For example: A fast food company wouldn’t agree with the points in this essay. They would have lots of reasons why fast food is good. They may say, “It’s convenient” or “It’s fine if eaten in moderation.” However, these arguments just don’t hold up when you take all the facts into consideration!
Conclude or End Your Essay…
What makes a good conclusion?
Wraps up the writing and gives the reader something to think about.
Summarizes your main point, calls the reader to action, and wraps the thought process back to the beginning to demonstrate a well-planned argument.
Ask the reader to do something or to make something happen. “I challenge you to watch what you eat and to avoid fast food.”
Provide a solution
Provide an answer to the problem. “Fast food doesn’t have to be “bad food.” Make better choices like salads, fruit and low fat treats.”
Make a Prediction
Explain what might be the consequences of action or inaction. “If people continue to eat lots of fast food, they put their health at risk. If kids don’t make better choices today, they won’t grow into healthy adults.”
First, restate your thesis, using the “flip” method to state the same thing in different words.
Then, provide one of the following:
A call to action – Encourage your reader to act on the knowledge they now have
Provide a solution - Provide an answer to the problem
Make a Prediction - Explain what might be the consequences of action or inaction
End with a clincher statement that wraps back to the hook, providing evidence of a well-planned argument.
Review: The Persuasive Essay:
A Catchy Title
Introductory paragraph with a “hook”, three main arguments and a thesis statement with your belief about your topic and the forecast.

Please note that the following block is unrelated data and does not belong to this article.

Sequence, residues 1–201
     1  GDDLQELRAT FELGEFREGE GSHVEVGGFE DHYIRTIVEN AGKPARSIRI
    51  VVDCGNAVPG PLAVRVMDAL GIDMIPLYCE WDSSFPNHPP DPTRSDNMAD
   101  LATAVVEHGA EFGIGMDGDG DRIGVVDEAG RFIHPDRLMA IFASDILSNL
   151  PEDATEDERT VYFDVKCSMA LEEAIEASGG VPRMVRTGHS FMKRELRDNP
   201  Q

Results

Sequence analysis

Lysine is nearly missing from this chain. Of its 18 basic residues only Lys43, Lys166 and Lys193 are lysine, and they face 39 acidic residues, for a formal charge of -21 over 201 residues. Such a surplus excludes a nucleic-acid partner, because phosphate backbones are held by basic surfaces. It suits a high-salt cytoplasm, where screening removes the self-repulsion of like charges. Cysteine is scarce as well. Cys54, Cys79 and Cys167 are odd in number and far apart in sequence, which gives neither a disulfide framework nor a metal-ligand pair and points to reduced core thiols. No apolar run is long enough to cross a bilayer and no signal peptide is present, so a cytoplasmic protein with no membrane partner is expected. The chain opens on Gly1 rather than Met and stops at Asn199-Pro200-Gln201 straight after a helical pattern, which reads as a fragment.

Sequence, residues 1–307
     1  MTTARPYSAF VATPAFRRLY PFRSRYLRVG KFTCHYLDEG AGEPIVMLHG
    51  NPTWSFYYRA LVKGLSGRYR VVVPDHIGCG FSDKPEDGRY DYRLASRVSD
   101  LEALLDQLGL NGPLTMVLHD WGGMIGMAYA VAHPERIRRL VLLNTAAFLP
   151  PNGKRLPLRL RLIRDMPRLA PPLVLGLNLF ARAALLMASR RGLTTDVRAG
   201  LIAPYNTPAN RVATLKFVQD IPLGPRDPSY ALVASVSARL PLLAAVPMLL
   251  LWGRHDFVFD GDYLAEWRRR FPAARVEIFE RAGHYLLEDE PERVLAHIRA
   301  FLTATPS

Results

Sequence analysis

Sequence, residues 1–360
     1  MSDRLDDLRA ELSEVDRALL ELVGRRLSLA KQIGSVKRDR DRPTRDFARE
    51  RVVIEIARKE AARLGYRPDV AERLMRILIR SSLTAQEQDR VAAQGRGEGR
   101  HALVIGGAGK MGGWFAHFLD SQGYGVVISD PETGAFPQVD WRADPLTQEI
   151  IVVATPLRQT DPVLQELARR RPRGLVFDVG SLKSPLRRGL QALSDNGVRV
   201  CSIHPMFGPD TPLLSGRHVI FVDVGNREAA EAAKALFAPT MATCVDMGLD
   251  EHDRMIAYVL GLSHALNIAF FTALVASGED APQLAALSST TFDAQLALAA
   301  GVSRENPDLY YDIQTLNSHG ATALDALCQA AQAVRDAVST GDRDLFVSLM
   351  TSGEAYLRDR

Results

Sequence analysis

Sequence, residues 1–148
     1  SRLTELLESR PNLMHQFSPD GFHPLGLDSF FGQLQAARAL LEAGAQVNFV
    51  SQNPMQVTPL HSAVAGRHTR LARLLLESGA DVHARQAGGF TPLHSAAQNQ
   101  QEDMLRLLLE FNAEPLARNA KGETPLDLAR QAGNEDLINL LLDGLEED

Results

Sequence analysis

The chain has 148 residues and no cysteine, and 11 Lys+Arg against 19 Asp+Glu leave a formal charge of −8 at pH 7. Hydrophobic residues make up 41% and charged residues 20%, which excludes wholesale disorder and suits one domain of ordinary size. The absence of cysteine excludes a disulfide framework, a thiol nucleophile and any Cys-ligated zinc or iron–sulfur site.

One paragraph for each of your three arguments.
Address the “counter-arguments” in each paragraph.
Closing paragraph that re-states your thesis and challenges the reader to think about it, ending with a call to action!
Make sure to read over your work and edit for mechanics and spelling.
Use transitions for fluidity.
Include detail and great vocabulary (strong verbs & vivid adjectives).
Follow MLA formatting! (TNR, 12 pt, double space, no extra space between paragraphs, formal tone, no slang or text-speak, Works Cited page, etc.)
What are the purposes of argument writing?
To change the reader’s point of view
To bring about some action on the reader’s part
To ask the reader to accept the writer’s point of view on a concept, issue, or problem
Text Structure of a Persuasive Essay – Remember the Audience and Author’s Purpose
When writing persuasively, always remember the interaction between the writer and the reader. Specifically,
The writer is trying to persuade a reader who may be enthusiastic or resistant or simply disinterested. Therefore,
Persuasive writing must be well organized, but it must also hook the reader, and then keep him or her engaged with creative and authentic word choice.
Argument Essay Model: Should schools stop serving chocolate milk to their students?